oil pump.PNG
 
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The Aisin kit you have is all what Toyota installs as OEM. If you got it from a reputable seller as you say (Rock Auto) then it is genuine. If you purchased Toyota branded parts you'd get the exact same components. I've changed out probably 10 timing belts on 1MZ-FE and 3MZ-FE engines and it's not that bad of a job as timing belts go. Get the FSM if you can for reference. As for a cam sprocket holding tool and a seal remover, these are the ones I have. The seal remover is from Lisle and it works like a charm. I also have the same crankshaft holder you show. [Linked Image from audiworld.com] [Linked Image from images-na.ssl-images-amazon.com]
 
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If you have time you can make the holding tools. It doesn't have to look pretty. The wp has a stud to remove I believe, The rear valve cover gasket will not be fun. You bought a top quality belt kit, now the work begins,
 
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Originally Posted by PimTac
Mitsuboshi makes good stuff. Seems like we had a thread on this just recently.
We did. FWIW, I just got a timing belt from Toyota dealer last month and it does not have "Mitsuboshi" written on it. I posted here asking why my timing belt didn't have "Mitsuboshi" written on it. It only had the logo. As far as what I think about Aisin TIming Belt kits? If I knew it was made by Aisin, I wouldn't be scared at all. That is the big question. You will never know if it is a true Aisin for certain. I got a fake Aisin rear wheel bearing that failed and only after it failed did the Lexus mechanic see it was not made like their Lexus OEM Aisin Wheel Bearings which were about 50% more in price. I ain't buying a kit from anyone but a dealer. I may be stupid. I may be in error. I may be a conspiracy theorist. But I "know" my parts are legit. happy Will putting in copy cat parts destroy your car? Probably not. I would say the odds are in your favor. I say that to bring balance to my previous comments. Odds are you will be fine. They are probably legit.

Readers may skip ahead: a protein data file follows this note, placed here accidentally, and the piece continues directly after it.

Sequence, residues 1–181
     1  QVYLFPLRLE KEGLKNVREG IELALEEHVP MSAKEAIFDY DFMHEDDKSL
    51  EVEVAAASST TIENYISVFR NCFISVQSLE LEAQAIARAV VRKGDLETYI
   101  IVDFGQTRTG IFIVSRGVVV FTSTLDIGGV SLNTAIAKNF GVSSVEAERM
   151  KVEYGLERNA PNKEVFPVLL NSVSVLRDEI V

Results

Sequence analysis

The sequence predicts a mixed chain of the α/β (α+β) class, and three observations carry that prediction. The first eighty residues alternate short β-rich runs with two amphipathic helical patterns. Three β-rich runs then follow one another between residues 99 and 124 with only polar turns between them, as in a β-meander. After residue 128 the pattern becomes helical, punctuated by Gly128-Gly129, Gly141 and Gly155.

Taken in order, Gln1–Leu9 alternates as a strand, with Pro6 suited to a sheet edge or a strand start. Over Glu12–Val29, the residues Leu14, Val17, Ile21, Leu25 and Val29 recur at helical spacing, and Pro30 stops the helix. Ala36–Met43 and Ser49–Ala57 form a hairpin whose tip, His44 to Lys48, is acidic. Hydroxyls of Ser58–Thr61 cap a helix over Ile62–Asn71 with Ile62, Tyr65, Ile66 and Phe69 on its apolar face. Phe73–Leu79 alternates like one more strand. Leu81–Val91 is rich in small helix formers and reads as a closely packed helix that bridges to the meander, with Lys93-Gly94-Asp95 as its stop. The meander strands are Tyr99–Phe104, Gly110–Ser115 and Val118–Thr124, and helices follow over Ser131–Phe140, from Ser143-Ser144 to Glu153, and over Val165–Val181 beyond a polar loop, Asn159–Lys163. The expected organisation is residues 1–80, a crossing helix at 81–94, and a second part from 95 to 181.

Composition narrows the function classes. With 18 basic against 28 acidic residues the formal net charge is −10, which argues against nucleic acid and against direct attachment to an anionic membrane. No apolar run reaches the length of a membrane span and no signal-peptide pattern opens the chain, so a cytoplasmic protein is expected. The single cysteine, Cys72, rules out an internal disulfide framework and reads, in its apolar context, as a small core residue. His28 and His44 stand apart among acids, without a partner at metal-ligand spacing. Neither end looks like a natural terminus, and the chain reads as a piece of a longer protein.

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Originally Posted by Gebo
I got a fake Aisin rear wheel bearing that failed and only after it failed did the Lexus mechanic see it was not made like their Lexus OEM Aisin Wheel Bearings which were about 50% more in price.
If Aisin makes wheel bearings that's a new one on me.
 
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Just to add when I did my Toyota timing belt the oe bearings were Koyo and the tensioner NTN from the factory. That set looks legit. Sometimes you can just see it, although I am big on buying dealer parts. I replaced the parts with less than Koyo and used a gates belt. Never an issue. You will need more gaskets to get to the rear valve cover. I never want to do that job again and am amazed at mechanics who have to bend over an engine bay and deal with some of this work on a daily basis. Replace the heater hoses too since you doing all that.
 
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Originally Posted by mk378
Do not try to replace the seals unless you find they are leaking.
Why? I would replace all the seals because if the seals leak, then the whole timing belt replacement have to be redone. The Belt usually broke because of oil leaks dripping onto the belt. Don't ask me how I know.